Comparing Leading Voting Methods


A Closer Look at Choose One, Ranked Choice, and STAR Voting:

Most people assume that traditional Choose-One voting is simply how it's done until they find out about alternative voting methods, and most people find out about Ranked Choice Voting first. In fact, there are a number of alternatives out there, and people have been experimenting with, studying, and using a wide variety of voting methods for thousands of years.

This article covers three options that demand special consideration. We start with the current system in most of the US and much of the world because it's our baseline and because it dominates the global political landscape. Then, we cover Ranked Choice Voting because it's the most widely adopted alternative method, and last but not least we cover STAR Voting, the top proposal we recommend.

It's worth noting that all three of these systems can be used for single-winner, multi-winner, or proportional elections, but many of the conclusions that can be drawn about single-winner methods can be applied more broadly. For those new to the field of voting reform, we strongly recommend starting with a good understanding of single-winner methods before adding in more variables. So, without further ado, we present three leading options for voting reform:



  • Choose One Voting:
    Formally known as Plurality or First Past The Post, Choose One voting is used in the vast majority of the US and many countries around the world. Each person votes for one candidate only. The candidate with the most votes wins. 

  • Ranked Choice Voting (RCV):
    Invented over 150 years ago, Instant Runoff Voting (as its technically called) is the most common method for counting ranked ballots. Voters rank candidates in order of preference: 1st, 2nd, 3rd, or more depending on logistical factors. If a candidate has a majority of first choice votes, that candidate wins. Otherwise, the candidate with the fewest first choice votes is eliminated. If your first choice is eliminated, your vote goes to your next choice — if they haven’t been eliminated yet — and the process repeats in rounds until one candidate has a majority of the remaining ballots.

  • STAR Voting:
    With STAR Voting, voters use a 5 star ballot to score candidates from 0 up to 5 stars. You can give the same score to multiple candidates, and you can leave candidates blank if you don't support them at all. The two highest scoring candidates are finalists. The finalist preferred by the most voters wins.



Essential Ingredients for Representative Elections:



SIMPLICITY - Simple to vote. Simple to tally. Simple to audit.

Choose One: The traditional Choose One ballot is as simple as it gets to fill out, and tallying the votes, auditing, and the rest of the implementation details are simple and cost effective as well.

Where it gets complicated for voters is actually deciding who to vote for. In elections with a number of similar candidates, (think school board elections or partisan primaries), choosing just one may be somewhat arbitrary, and trying to figure out the best strategy to ensure your vote makes a difference might be harder than it seems in a system where it's easy to waste your vote on a candidate who can't actually win. The primary and general election system needed in Choose-One elections is another consideration; having to vote twice is twice as much work for voters.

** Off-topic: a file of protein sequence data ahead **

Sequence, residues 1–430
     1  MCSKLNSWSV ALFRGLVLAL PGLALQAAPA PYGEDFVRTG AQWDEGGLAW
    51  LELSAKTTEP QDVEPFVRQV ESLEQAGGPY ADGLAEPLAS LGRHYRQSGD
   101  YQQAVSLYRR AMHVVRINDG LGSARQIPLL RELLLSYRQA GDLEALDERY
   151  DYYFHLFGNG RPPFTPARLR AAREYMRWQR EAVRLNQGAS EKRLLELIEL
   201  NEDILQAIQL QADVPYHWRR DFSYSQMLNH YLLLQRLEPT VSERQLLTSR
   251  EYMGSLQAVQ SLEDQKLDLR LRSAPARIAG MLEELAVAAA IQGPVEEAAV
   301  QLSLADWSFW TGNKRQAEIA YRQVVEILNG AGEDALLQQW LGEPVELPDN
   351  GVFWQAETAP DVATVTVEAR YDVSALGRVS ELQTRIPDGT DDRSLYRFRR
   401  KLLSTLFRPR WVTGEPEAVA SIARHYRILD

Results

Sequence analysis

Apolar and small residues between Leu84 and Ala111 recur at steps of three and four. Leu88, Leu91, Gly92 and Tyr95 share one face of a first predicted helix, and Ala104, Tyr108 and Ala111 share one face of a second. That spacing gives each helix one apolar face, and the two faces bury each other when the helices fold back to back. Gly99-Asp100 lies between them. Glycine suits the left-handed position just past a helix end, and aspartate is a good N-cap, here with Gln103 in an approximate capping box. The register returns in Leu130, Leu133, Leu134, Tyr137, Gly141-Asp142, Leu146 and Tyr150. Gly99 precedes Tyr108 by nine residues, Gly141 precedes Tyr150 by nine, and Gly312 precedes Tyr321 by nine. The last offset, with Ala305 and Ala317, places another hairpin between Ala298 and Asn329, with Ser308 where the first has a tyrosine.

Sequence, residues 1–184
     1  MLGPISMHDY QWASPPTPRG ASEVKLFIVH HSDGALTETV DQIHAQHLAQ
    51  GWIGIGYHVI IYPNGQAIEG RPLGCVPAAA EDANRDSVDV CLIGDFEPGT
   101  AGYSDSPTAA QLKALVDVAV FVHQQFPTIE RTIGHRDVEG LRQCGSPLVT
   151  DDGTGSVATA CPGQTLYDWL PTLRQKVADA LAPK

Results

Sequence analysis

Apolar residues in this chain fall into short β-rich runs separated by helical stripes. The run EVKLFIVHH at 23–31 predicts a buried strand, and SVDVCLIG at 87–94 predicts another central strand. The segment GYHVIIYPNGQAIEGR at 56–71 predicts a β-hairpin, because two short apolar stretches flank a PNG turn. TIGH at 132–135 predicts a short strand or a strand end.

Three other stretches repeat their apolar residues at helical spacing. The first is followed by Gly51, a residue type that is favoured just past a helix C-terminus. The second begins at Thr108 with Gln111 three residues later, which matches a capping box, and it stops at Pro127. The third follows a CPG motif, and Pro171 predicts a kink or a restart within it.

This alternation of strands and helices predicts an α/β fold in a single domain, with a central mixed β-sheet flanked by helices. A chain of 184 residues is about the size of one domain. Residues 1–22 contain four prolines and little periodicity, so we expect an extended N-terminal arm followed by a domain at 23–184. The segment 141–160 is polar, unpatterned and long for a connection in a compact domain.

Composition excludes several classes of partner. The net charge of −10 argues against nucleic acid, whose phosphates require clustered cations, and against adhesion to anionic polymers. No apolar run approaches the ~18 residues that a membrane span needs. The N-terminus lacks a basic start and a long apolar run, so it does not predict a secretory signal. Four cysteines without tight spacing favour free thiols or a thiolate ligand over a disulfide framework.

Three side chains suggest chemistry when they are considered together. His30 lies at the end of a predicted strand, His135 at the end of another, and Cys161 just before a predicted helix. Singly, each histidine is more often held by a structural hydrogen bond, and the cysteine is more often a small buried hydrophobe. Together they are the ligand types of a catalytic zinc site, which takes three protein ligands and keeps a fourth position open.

RCV: Ranking candidates is intuitive, and in many RCV elections there's no primary, so voters generally only need to vote once per election cycle. Most voters who have used RCV found it easy to use and prefer it to the old system. (1.)

On the other hand, in RCV, voters are not allowed to give candidates the same rankings, which can make voting harder if they don't actually have a preference between two candidates, and in most elections there's a limit to how many candidates voters are allowed to rank, which can make it harder to choose just three, or five, or whatever the limit is, especially if none of the front-runners are actually among a voters top choices. In RCV, there are a number of ways that voters can accidentally "void" their ballots if they aren't careful, and even if a voter follows instructions correctly, their vote may not be able to be counted in the final round if they aren't strategic. 

RCV's tabulation is quite complex when you get into the details, so most explanations skip over the nuts and bolts, but the fact is that the details in RCV matter, and failing to fully understand how votes are counted can mean that voters don't understand how to vote effectively and don't understand how to ensure their vote stays in play until the deciding round. Misinformation about how RCV is counted is pervasive, and talking points like "if your favorite is eliminated, then your next choice will be counted" are not necessarily true. The reality is that even if your favorite is eliminated, it might be too late for your vote to transfer to your next choice or your next choice may be gone already. Whether or not your vote transfers in time to make a difference depends on the order of elimination. In competitive elections these are details that voters need to understand and take into consideration if they want to vote effectively and not waste their votes. 

Due to the nature of the RCV elimination rounds, tabulation can also be quite complex logistically, especially for larger jurisdictions. Most rankings given will never be counted, so it's impossible to know which ballot data to count until all ballots have been returned and centralized in one place. Ranked Choice Voting is one of the only single-winner voting methods that requires centralization of ballot data, and this is a significant issue for election security as chain of custody is harder to maintain, and mistakes in ballot counting are harder to catch. For example, in a New York City mayoral election which used RCV, over 135 thousand test ballots were accidentally included in the count and the mistake was caught by a candidate, not the Board of Elections themselves. (2.) Last but not least, the complex tabulation process in RCV also means that auditing and recounts are significantly more challenging than with almost any other system.